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Can we talk about tongue ties a minute?

What IS a tongue tie? You know that little string (sometimes prominent, sometimes hidden back further) under your tongue? That is called a frenulum and everyone has one, although some are shorter and/or tighter than others. It's technically a fold made up of mucous membrane tissues and sometimes fascia (a band of connective tissue that surrounds muscles). Comfortable and effective breastfeeding is dependent on the tongue being able to do its job and move well. If that frenulum is too tight/restrictive, mothers who nurse can experience painful nipples and baby can have trouble removing her available milk (so baby loses weight and over time milk supply decreases).

Tongue ties have been written about for as long as people have been writing. They say midwives used to keep one fingernail sharp to "clip" it after delivery. Nowadays, ENTs or pediatricians or pediatric dentists can laser or clip the frenulum, thereby releasing the tongue so it can move better (less pain to mother, better milk transferring from breast to baby's mouth). So why is this so controversial? Why do some lactation consultants say baby is tongue tied and the pediatrician says "no"? Why can't we all agree on assessment of this issue? Well—insert deep breath here—it's complicated. There exists today NO standardized method or tool that everyone uses for evaluating and diagnosing tongue ties. Sometimes it's a "no brainer" when the frenulum is really close to the tip of the tongue, but other times it's not so clear cut. There are MANY issues that are involved in mother's pain and baby's weight gain, so a thorough evaluation is needed to see what the true cause may be for the breastfeeding woes. As a lactation consultant (LC), my job is to do an evaluation and see what positioning/latching techniques we can try to improve the situation, but if nothing is working the next step is to refer for further evaluation. LCs cannot diagnose a tongue tie but we can certainly describe what we see and make next step recommendations. Sometimes that means an ENT/dentist, and sometimes that means bodywork to work on any musculoskeletal restrictions around the tongue/jaw/head/neck that might be causing tightness/restriction in the suck. There are some great practitioners out there (osteopathic manipulative medicine doctors, pediatric chiropractors, pediatric speech/language/feeding therapists, physical therapists, craniosacral therapists, etc.) doing some non-invasive work and seeing good results (either with or without a clip/laser procedure). When I cannot seem to help a mother/baby's situation, I strive to reach out to take an interdisciplinary approach if parents are interested. But what parents need to know (and deserve to know) is that there is not a lot of gold-standard quality research on ANY treatment modality. And these treatments cost money, sometimes a lot of money. Parents need to decide for themselves what feels right for their baby. Because truth is, sometimes clipping the tongue works and sometimes it doesn't…and worst case scenario, it makes the breastfeeding situation worse. We as LCs (myself included) can say anecdotally we typically see positive results when a tongue tie is corrected, but I will admit that my recommendation is from case studies and my personal experience (and some less-than-perfectly designed research). And as painful as it is to admit and live with, I have missed some tongue restrictions, and mothers have the procedure to clip/laser it and report improvement—and for those cases, I feel horrible and like I have been punched in the gut. But I also feel that way if I recommended a procedure and it made the issue worse. I'll admit I'm a bit gun-shy and tend to take a more conservative approach because of the responsibility I bear for what I say/recommend. Throughout my career I have seen trends come and go, and it's a bit disturbing to me to know that in the US there has been an increase of 866% over the last decade for diagnoses and treatment (frenotomies) of tongue ties. That makes me pause, and wonder if we shouldn't take a more nuanced look at things. Definitely some babies need a surgical procedure, but I'm not convinced it's as common as what the Internet would lead us to believe.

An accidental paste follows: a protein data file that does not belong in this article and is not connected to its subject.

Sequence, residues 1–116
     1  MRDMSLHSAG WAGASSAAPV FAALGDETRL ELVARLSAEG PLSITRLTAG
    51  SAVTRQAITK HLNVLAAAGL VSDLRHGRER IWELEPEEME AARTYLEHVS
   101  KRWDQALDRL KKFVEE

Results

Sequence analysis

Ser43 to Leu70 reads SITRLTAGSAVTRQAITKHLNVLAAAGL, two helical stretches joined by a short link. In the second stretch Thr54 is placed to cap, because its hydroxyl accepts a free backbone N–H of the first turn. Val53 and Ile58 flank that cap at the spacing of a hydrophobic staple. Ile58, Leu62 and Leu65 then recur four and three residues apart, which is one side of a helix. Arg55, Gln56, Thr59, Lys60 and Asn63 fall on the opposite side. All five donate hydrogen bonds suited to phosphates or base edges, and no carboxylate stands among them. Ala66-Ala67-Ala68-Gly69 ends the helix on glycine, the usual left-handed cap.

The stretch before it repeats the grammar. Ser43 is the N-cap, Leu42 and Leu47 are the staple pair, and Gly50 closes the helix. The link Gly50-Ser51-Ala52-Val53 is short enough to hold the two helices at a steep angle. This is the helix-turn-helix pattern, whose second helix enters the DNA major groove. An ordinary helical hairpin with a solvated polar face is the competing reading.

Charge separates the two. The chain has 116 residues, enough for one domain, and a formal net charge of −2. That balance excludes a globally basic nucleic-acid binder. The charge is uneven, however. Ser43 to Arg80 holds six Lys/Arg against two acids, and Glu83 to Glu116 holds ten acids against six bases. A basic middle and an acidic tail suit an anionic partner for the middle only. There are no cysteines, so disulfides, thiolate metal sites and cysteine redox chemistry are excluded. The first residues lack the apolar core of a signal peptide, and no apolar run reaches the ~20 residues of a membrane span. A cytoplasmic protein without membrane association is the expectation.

But one thing for sure I wish for Christmas….for everyone (LCs, pediatricians, ENTs, dentists, etc.) to all get on board with the same assessment and treatment options for parents so they are not left confused and suffering, wondering what to do next.

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